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Dermatology Online Journal

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Characteristics of patients hospitalized for Drug Reaction with Eosinophilia and Systemic Symptoms (DRESS) at a Level 1 trauma center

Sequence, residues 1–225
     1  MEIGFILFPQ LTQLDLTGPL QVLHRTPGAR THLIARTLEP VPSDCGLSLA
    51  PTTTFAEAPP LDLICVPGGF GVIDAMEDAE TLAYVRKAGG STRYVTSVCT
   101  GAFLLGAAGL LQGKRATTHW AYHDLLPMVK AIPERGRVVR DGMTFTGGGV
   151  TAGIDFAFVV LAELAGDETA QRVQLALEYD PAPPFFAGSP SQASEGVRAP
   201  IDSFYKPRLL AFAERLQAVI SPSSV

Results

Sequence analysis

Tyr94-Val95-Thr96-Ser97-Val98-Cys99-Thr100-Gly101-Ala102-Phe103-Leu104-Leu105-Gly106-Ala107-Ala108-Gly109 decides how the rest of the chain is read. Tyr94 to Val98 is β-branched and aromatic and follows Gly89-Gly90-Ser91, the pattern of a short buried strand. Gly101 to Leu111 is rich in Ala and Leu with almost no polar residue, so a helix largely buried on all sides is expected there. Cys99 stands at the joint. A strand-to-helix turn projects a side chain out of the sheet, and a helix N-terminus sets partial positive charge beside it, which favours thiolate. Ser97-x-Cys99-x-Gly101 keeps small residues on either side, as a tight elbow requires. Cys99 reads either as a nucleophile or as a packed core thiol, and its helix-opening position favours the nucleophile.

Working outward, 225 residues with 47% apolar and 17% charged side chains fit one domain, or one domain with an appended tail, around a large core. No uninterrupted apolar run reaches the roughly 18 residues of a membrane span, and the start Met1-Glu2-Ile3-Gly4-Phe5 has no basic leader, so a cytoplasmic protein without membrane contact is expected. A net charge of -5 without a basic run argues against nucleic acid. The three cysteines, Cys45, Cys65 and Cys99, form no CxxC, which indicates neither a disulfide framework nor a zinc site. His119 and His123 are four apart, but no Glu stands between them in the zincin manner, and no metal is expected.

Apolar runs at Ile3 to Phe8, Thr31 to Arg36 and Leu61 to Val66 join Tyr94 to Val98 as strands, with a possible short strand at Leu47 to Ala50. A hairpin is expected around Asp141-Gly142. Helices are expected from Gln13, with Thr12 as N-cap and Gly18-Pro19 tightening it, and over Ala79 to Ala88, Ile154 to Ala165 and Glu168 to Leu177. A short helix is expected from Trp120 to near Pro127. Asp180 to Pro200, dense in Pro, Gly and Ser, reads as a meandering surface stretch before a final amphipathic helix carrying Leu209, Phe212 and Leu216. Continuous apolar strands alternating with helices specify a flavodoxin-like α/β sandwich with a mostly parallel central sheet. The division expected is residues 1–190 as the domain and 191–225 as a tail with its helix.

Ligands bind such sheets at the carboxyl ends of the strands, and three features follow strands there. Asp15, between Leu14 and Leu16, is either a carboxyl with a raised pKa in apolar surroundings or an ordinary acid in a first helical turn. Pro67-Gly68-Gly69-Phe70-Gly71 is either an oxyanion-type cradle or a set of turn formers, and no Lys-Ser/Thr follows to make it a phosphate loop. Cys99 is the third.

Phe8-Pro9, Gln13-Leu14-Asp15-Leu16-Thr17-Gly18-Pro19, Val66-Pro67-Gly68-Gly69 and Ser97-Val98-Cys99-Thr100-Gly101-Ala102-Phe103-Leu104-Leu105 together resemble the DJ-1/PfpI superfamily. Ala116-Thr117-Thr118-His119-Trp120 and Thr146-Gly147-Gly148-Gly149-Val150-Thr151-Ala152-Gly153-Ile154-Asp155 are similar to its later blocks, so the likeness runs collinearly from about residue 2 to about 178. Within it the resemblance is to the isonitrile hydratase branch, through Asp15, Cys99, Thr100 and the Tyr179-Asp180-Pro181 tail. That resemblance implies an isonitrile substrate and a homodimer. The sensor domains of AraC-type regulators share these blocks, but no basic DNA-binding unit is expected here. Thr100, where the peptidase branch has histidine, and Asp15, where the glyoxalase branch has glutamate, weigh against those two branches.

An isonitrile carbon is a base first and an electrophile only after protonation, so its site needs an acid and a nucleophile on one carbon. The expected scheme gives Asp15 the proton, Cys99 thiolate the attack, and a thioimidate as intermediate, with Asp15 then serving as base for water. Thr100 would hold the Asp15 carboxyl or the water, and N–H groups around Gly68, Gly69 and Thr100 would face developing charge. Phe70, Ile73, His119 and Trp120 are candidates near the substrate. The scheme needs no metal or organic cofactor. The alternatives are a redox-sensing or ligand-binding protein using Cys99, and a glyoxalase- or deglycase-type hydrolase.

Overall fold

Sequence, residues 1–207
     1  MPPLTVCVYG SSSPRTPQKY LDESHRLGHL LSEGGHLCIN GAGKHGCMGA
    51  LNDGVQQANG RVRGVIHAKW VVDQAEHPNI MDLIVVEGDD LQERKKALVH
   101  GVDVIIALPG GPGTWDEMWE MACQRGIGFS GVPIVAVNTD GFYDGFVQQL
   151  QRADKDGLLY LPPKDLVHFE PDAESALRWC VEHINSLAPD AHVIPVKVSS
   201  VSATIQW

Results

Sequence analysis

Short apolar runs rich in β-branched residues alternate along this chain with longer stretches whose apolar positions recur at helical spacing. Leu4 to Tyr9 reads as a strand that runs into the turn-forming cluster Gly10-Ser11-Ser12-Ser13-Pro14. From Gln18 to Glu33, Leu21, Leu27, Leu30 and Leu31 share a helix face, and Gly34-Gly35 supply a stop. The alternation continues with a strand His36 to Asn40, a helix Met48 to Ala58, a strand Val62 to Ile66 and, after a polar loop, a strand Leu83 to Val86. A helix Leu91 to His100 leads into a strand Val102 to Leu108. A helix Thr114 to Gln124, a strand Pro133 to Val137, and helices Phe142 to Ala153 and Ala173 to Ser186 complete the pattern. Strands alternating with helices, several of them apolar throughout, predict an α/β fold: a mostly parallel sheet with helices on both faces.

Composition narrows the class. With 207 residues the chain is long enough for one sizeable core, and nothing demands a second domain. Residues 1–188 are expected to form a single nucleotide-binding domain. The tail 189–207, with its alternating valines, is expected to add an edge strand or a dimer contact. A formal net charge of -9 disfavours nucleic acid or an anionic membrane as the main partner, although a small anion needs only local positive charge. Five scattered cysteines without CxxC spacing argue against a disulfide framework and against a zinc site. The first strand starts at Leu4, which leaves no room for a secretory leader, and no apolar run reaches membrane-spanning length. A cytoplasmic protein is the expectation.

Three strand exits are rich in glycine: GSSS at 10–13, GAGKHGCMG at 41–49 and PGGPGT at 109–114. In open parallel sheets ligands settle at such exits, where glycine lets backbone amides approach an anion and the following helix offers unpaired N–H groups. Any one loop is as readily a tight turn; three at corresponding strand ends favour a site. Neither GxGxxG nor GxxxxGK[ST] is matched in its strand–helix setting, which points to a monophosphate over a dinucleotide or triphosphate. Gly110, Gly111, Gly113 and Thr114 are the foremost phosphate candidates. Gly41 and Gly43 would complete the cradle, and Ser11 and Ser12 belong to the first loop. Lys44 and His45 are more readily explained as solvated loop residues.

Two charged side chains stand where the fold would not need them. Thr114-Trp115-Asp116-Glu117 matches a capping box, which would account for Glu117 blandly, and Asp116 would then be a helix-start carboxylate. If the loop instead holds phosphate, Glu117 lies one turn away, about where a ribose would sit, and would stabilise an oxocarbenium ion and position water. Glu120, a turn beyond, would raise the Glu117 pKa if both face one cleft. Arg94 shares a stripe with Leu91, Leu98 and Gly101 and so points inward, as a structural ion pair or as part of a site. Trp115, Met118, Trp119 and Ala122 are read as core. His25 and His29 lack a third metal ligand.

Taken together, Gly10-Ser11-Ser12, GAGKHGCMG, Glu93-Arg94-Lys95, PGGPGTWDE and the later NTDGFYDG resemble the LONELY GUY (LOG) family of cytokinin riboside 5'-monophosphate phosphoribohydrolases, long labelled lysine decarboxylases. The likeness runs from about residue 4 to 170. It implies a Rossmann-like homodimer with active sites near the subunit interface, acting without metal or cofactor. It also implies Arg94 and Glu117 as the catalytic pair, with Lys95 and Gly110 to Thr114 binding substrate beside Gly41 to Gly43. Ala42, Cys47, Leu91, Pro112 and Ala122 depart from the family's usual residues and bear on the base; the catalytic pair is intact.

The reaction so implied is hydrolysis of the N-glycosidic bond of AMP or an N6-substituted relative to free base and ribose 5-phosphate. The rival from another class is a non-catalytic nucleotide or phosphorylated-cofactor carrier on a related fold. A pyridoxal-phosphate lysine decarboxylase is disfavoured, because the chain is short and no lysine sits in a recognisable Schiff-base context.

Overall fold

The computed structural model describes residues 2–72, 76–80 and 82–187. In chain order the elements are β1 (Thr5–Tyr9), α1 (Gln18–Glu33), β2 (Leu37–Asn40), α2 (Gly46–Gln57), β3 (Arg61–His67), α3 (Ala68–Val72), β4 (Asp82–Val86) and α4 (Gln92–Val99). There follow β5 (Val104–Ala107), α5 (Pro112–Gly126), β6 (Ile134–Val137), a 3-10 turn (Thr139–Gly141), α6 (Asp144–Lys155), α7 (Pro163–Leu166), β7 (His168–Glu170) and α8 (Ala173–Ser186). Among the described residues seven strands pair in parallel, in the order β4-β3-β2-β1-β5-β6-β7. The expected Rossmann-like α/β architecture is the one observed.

The purpose of this study is to further characterize the population that is hospitalized for a severe cutaneous drug reaction or that developed once during their hospitalization. We conducted a chart review of patients seen by a dermatologist at the University of California Davis Medical Center for the diagnosis of Drug Reaction with Eosinophilia and Systemic Symptoms (DRESS). Between January 2000 and July 2018, 25 cases of DRESS were diagnosed using RegiSCAR criteria. Twenty-two patients recovered, two were deceased, and one was transferred to another hospital. The most commonly implicated drugs in the development of DRESS were nafcillin (N=3) and carbamazepine (N=3). Of the 25 patients in our care, 88% developed eosinophilia, 50% developed renal involvement, and 44% had liver involvement. There was a positive correlation between age and creatine (P=0.01) and age and eosinophils (P=0.02). There was a negative correlation between age and liver enzyme abnormalities (AST P=0.01; ALT P=0.0003). Carbamazepine and nafcillin were commonly implicated drugs in DRESS. There was no significant difference between treatment group and patient outcome. Those who develop DRESS at an older age were more likely to have elevated creatinine and more profound eosinophilia, but were less likely to develop liver involvement.

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